When the General Assembly reconvenes next week for the final three days of their fall veto session, all eyes will turn to SB 1466, the bill introduced by House Speaker Michael Madigan (D-Chicago) to overhaul the state's campaign finance system. This version addresses ...
When the General Assembly reconvenes next week for the final three days of their fall veto session, all eyes will turn to SB 1466, the bill introduced by House Speaker Michael Madigan (D-Chicago) to overhaul the state's campaign finance system. This version addresses some concerns reformers had with HB 7, the campaign finance bill passed in the spring and then vetoed by Gov. Pat Quinn this summer -- with the support of the state's four legislative leaders. But lawmakers remain deadlocked over one issue: how much money those same legislative leaders can hand out during election cycles.
HB 7 would have implemented a $90,000 cap on contributions from state party and legislative leader political action committees (PAC), although in-kind contributions from those same sources were not subject to any restrictions, essentially gutting that portion of the law. In SB 1466, which passed out of committee on a party-line vote last week, Madigan makes that loophole explicit. Now reformers are scrambling to amend the language before it's voted on by either full chamber.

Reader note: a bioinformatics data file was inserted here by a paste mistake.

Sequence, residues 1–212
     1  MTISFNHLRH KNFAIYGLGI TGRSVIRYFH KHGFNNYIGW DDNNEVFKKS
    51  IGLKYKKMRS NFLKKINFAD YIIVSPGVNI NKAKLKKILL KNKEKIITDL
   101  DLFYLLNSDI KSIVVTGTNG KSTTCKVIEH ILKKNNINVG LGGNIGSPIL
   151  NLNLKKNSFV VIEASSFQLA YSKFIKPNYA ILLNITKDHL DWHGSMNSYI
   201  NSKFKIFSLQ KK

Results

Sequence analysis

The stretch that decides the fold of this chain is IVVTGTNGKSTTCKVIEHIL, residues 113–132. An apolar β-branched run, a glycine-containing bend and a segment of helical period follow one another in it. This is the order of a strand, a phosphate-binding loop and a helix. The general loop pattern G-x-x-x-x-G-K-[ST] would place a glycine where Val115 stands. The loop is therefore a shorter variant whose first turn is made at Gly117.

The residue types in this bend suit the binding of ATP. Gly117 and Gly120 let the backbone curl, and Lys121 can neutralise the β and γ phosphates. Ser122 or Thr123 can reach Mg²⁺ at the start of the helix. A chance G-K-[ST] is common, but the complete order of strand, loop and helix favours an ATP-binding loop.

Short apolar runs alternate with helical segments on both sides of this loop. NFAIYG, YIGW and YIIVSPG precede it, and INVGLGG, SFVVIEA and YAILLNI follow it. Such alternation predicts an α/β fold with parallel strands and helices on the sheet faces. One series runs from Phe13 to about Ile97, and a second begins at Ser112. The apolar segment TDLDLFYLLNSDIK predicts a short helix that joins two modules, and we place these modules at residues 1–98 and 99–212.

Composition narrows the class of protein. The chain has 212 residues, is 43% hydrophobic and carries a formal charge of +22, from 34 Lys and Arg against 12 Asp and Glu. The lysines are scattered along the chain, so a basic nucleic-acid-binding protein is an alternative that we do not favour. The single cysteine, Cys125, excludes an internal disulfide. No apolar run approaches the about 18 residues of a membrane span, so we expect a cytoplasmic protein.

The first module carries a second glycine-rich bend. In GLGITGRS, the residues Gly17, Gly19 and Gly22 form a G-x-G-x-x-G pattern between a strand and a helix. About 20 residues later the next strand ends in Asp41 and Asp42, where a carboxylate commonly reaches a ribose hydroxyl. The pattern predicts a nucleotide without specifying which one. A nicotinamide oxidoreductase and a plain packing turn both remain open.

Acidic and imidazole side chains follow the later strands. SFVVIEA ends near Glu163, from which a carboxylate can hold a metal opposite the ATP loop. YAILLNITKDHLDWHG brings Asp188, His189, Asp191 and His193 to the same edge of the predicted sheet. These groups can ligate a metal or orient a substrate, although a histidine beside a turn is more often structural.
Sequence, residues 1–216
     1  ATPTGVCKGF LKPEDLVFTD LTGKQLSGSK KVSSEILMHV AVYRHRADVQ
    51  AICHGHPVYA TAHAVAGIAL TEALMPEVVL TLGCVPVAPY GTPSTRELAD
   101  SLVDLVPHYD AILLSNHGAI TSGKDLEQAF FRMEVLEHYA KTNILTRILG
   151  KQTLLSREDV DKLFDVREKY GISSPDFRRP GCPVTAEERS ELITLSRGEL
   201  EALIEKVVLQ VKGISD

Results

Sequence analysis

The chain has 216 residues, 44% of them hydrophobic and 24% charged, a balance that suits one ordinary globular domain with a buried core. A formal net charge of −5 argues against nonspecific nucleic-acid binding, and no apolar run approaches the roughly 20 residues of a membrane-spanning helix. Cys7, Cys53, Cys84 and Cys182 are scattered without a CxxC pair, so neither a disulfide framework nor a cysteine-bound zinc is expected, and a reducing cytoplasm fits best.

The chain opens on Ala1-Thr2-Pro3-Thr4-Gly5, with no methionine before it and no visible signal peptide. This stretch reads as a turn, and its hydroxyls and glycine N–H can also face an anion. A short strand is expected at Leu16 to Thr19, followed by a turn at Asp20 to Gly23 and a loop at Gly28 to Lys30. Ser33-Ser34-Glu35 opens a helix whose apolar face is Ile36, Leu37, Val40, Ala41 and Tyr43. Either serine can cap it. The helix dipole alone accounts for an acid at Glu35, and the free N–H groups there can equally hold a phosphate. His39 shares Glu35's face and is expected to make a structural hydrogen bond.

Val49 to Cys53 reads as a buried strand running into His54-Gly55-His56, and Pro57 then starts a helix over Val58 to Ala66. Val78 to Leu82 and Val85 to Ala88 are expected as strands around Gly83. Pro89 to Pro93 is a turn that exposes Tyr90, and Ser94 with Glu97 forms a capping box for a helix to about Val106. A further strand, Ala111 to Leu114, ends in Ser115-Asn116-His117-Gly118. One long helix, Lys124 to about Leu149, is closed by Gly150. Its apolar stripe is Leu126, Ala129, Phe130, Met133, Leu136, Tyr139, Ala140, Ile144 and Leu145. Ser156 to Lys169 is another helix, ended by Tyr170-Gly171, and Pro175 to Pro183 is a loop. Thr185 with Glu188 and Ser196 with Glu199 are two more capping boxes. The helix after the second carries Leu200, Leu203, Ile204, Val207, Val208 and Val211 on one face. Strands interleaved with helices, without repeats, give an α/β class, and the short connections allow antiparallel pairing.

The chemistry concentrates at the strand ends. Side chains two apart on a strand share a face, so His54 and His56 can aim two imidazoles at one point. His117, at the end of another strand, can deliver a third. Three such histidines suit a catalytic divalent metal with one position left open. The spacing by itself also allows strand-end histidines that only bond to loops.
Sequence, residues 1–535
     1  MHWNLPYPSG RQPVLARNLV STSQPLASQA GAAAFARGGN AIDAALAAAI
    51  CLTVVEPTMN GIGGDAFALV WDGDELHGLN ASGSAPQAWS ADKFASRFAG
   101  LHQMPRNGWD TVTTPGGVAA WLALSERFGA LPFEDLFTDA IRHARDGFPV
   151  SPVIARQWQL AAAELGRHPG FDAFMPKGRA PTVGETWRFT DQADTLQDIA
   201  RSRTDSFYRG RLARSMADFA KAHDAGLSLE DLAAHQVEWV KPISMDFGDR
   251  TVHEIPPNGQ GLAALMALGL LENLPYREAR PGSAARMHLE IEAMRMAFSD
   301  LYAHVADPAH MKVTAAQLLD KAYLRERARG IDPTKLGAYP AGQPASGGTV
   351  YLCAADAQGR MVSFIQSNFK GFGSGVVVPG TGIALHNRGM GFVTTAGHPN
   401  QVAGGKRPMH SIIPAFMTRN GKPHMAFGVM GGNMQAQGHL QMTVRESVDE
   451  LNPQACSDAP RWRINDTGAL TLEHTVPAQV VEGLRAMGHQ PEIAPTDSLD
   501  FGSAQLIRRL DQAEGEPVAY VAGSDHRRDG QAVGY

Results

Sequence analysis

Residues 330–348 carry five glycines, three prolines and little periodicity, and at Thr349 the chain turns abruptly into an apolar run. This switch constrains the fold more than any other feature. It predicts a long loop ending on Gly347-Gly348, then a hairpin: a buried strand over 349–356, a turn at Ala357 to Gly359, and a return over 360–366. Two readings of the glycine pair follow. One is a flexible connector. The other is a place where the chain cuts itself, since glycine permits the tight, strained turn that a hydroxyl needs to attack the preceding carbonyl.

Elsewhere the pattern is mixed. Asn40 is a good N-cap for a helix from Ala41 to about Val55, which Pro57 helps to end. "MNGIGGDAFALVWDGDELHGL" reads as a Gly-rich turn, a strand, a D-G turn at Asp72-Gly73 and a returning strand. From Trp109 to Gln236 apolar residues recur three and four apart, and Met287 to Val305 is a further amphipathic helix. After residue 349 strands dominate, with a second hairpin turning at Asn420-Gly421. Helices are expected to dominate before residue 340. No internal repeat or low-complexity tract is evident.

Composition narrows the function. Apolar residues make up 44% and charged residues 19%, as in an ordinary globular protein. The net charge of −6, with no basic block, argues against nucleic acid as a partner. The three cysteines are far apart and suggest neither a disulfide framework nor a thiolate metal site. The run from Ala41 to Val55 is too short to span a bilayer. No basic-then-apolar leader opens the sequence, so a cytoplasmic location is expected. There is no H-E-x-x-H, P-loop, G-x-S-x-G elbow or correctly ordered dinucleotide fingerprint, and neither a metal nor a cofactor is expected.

It's obvious why CHANGE Illinois and its allies are fighting so strenuously for a cap. For starters, a strong majority of the public support such a restriction. But check out this data prepared by Megan Moore at the National Institute on Money in State Politics. Between 2006 and 2008, political party committees and legislative caucuses in Illinois distributed $22.8 million to candidates, comprising 16 percent of total contributions earned from the economic sector. That means the "Four Tops" and other party elders spent more money than labor unions (12.5 percent), business interests (9 percent), and the notoriously powerful financial services and real estate industry (9 percent). In other words, they are the most influential lobby in town.
Both parties take advantage of the system in place. Illinois Republican party committees contributed nearly $5.5 million to legislative candidates in 2008, about $50o,000 more than their Democratic counterparts. (To be fair, both Senate Republican Leader Christine Radogno and Republican House Leader Tom Cross have expressed support for limits on party donations.)
Will unlimited transfers be curtailed next week? The key players have stayed mum so far. But we will find out soon enough.
Image used under a Creative Commons license by Flickr user Sean_Marshall.